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French Senate Voted To Ban The Hijab For Minors In A Plea By The Conservative Right


The French Senate has passed a measure that would ban anyone under the age of 18 from wearing a hijab in public. This is an amendment to a law that the government introduced to address religious extremism. Another amendment would ban the body-covering swimsuit known as the burqini at public pools and beaches. While these are unlikely to become law, they continue a debate among French lawmakers over Muslim clothing. And we're joined by NPR's Eleanor Beardsley in Paris to discuss it. Hi, Eleanor.


SHAPIRO: What are these measures that the Senate has passed?

BEARDSLEY: Well, as you said, the most controversial one would prohibit anyone - a minor - under 18, from wearing the Muslim veil in public. And actually, today some senators proposed another amendment in that same vein that the headscarf would not be allowed in national sports competitions, especially televised ones. You know, these are amendments to a larger French bill. And I've spoken with experts. They have no chance of becoming law. I mean, they would have to be passed by the lower house of Parliament, which has already said it's against them. And even if they did pass, the country's constitutional council would likely strike them down so that they don't have a chance of becoming law.

SHAPIRO: But they tap into a larger debate in France. Explain why conservative lawmakers are introducing these measures if they don't have a chance of becoming policy.

BEARDSLEY: Right. Well, this is all about next year's presidential election. And these amendments were all proposed by France's mainstream conservative party, which is really just limping along a shadow of its former self. It's been cannibalized from the left and from the right. It's especially lost voters to Marine Le Pen's far-right party. And I spoke to political scientist Jean-Yves Camus. And here's what he said about it.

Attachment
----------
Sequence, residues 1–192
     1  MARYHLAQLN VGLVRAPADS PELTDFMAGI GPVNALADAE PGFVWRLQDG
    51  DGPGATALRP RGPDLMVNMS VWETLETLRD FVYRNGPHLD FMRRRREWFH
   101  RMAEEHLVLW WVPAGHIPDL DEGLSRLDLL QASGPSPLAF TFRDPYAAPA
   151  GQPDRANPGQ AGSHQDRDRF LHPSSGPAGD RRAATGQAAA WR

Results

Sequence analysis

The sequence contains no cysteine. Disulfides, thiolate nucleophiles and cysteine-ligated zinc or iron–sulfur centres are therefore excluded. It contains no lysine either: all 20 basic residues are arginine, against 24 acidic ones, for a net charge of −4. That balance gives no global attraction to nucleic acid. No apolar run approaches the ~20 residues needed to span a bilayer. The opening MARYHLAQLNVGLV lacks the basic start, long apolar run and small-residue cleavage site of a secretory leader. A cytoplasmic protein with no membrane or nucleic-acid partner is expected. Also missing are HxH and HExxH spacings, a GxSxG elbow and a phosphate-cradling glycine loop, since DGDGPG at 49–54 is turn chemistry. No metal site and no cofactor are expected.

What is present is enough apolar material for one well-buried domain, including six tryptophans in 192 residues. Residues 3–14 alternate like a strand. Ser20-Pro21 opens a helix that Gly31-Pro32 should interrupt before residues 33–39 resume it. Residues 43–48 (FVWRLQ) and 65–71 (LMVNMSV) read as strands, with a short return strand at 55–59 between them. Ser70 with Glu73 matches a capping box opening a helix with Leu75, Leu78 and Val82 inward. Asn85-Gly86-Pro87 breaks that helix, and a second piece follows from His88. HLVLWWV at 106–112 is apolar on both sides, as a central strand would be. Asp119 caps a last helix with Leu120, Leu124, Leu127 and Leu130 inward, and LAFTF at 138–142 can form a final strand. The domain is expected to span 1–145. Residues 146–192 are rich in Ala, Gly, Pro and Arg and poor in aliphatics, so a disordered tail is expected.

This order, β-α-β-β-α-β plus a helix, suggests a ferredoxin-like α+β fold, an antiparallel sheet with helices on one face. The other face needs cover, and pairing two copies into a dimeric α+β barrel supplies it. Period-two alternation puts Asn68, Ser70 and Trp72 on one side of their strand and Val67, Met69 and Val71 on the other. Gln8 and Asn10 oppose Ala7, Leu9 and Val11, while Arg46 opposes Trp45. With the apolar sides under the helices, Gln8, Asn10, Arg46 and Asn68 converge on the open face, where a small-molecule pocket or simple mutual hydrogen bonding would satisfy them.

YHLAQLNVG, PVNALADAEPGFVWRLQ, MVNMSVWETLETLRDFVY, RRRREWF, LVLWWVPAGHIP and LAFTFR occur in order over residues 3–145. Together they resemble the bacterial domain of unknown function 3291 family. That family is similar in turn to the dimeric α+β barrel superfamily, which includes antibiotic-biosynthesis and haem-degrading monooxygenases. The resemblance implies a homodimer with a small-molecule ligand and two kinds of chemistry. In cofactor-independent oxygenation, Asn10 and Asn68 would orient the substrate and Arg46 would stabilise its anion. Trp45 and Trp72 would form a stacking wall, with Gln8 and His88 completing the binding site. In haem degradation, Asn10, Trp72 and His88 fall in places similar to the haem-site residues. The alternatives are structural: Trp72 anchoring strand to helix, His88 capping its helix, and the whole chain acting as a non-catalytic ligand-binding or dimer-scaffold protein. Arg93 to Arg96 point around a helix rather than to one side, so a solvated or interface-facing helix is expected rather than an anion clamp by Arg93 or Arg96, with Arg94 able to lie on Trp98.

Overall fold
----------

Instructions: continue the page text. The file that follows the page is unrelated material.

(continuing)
JEAN-YVES CAMUS: The conservative right sees that some of their previous voters have switched to the far right, so they try to win back those voters. If they want to win back those votes, they have to propose legislation that is at least as xenophobic.

SHAPIRO: How do Muslim people in France feel about being caught in the middle of this political tug-of-war?

BEARDSLEY: Well, Muslims feel stigmatized. You know, the law - the main law - it was proposed last fall after a French middle school teacher was beheaded by an Islamist radical because he had showed pictures of the Prophet Muhammad in his class. You know, Muslims were very horrified by that. And the government, they feel that the government, instead of bringing everyone together, has sort of singled them out. This law is being called the law to reinforce French values and principles. At first, they had called it the law against Islamist separatism because the government said radical Islam comes from separatist Islam. And it talked about, you know, clandestine schools where little girls are wearing the veil and the sexes are separated instead of gender equality.

So Macron spoke about parallel societies being developed that would destroy the republic, and this law was to fight that. Muslims say they do adhere to French values. They are French. And France is a secular country. It's to allow everyone to practice their religion equally. They say it's being warped, even weaponized, to sort of ban religion, especially Islam, which is more visible than other religions because of things like the headscarf. I spoke to Rim Sarah Alouan. She's a researcher on religious freedom and civil liberties. And here's what she told me.

RIM SARAH ALOUAN: It's a battle for the next election, really. And what we are witnessing is what I called the weaponization of secularism. And with the election coming, of course, it's who is going to pander the most to the far right.

BEARDSLEY: So, you know, this law has a lot of critics. Even Catholic and Jewish leaders have spoken out to warn against it. Many say it's not about extremism, but it's against religion. Nonetheless, it's expected to pass.

SHAPIRO: Eleanor Beardsley, thank you very much.

BEARDSLEY: Thank you, Ari. Transcript provided by NPR, Copyright NPR.

Eleanor Beardsley began reporting from France for NPR in 2004 as a freelance journalist, following all aspects of French society, politics, economics, culture and gastronomy. Since then, she has steadily worked her way to becoming an integral part of the NPR Europe reporting team.

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